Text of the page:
When tourists visit Washington, D.C, and walk past the sculpture garden at the National Gallery of Art, many young children, no doubt, haven't the faintest idea what the NGA's Claes Oldenburg sculpture represents. It is, in fact, an enormous typewriter eraser -- an old technology that isn't part of the vocabulary of the generation growing up with iPads and Twitter.
It shouldn't have to be this way, but sometimes it takes going into a museum or gallery to get reacquainted with technologies of the past. Visitors to the Museum of Contemporary Art, Chicago will find two exhibits -- both conveniently located side-by-side on the fourth floor -- that focus heavily on the typewriter: William Kentridge and Akram Zaatari (both through May 5, 2013).
The overwhelming majority of the 11-minute-48-second film Tomorrow everything will be alright (2010) by Zaatari, who was born in Lebanon in 1966, consists of a view of a typewriter. But form the very start, it's clear that there's been a collapse of time. "Hello sexy. ... hello u," begins the script, which viewers quickly learn is a series of text messages (or IMs) arranged typewriter-wise.
It's easy to grow impatient waiting for a type of writing, which ought to be rapid fire, to come through on the painfully slow typewriter. But viewers who take the time to absorb the film -- which is well worth it -- follow a conversation between two men who are former lovers. The written dialogue is coy, erotic at times, and ultimately probably optimistic.
Zaatari, a cofounder of the Arab Image Foundation, shot the footage in the late 1990s, "during a time of uncertainty in Lebanon," according to the MCA site.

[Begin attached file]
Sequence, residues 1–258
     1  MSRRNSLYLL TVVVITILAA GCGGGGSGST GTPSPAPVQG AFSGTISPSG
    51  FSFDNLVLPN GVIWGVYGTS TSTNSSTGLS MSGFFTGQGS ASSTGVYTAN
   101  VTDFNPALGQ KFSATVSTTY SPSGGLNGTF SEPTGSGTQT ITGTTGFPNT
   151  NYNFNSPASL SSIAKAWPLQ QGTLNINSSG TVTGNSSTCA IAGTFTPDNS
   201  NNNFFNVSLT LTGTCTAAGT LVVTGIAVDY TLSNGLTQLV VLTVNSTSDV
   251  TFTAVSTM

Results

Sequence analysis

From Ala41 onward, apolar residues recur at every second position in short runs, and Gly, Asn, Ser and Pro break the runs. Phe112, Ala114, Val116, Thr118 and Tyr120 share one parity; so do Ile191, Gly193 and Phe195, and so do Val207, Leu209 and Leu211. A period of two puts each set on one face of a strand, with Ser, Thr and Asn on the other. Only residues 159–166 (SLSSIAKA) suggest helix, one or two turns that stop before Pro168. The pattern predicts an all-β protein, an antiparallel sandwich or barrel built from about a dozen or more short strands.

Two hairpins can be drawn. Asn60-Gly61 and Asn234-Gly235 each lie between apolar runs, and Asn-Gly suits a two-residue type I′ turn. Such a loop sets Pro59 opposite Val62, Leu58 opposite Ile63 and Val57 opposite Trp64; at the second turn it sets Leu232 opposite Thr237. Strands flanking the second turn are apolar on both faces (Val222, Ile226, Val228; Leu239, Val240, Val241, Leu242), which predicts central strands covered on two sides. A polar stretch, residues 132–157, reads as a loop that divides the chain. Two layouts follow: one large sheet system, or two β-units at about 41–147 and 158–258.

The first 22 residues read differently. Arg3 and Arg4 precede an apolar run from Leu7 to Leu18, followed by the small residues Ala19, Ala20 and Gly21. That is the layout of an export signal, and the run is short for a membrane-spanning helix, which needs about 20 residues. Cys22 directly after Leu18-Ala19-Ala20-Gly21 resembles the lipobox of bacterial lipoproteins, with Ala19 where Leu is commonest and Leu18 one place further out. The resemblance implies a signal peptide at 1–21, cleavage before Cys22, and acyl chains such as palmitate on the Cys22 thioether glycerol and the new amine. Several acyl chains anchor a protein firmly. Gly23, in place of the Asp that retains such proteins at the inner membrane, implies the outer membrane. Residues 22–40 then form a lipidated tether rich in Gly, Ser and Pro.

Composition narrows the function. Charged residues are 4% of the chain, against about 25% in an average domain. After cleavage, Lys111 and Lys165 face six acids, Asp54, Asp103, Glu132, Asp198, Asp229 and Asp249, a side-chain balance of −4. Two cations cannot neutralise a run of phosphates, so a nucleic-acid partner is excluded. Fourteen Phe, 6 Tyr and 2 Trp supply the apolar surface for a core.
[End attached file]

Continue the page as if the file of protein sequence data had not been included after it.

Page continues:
The other exhibit features collages, charcoal and pastel drawings, and two animated films -- History of the Main Complaint (1996) and Felix in Exile (1994) -- by Jewish, South African artist William Kentridge.
Those themes surface in his two brilliant films (which are closer to creatively-choreographed moving slideshows of charcoal drawings) on exhibit at MCA Chicago. Felix Teitlebaum, one of the heroes of the 8-minute-43-second film, looks a lot like the artist, observes many of the horrors of apartheid in a surreal sequence that sees artwork come alive and corpses turn into the landscape.
(For those seeking more information about Felix, there seems to be a dispute about how to spell the latter name. MCA Chicago, the Jewish Daily Forward, TIME, and San Francisco Chronicle opt for "Teitlebaum," while Britannica and the Jewish Museum spell it "Teitelbaum.")
Soho Eckstein, a business man who is the anti-hero of History of the Main Complaint, spends most of the film being treated by an increasingly large group of doctors in a hospital. As he lies in the hospital bed -- wearing his businessman's uniform, a pinstripe suit -- Eckstein's mind wanders to apartheid atrocities. At times, his organs become various tools, such as a typewriter and an ink blotter.
That's a very different invocation of the typewriter than Zaatari's, but there's at least one major overlap. Most typewriter -- and computer -- users probably think they are imposing their will on their device. They may occasionally shake their fists at the tool, which is supposed to make things easier, when the keys jam, or the computer crashes. But through Kentridge's and Zaatari's lenses, one can begin to get more of a sense of the ways that typewriters (and similar communications tools) shape their users. Perhaps the matter of who is controlling whom is a bit more of a two-way street.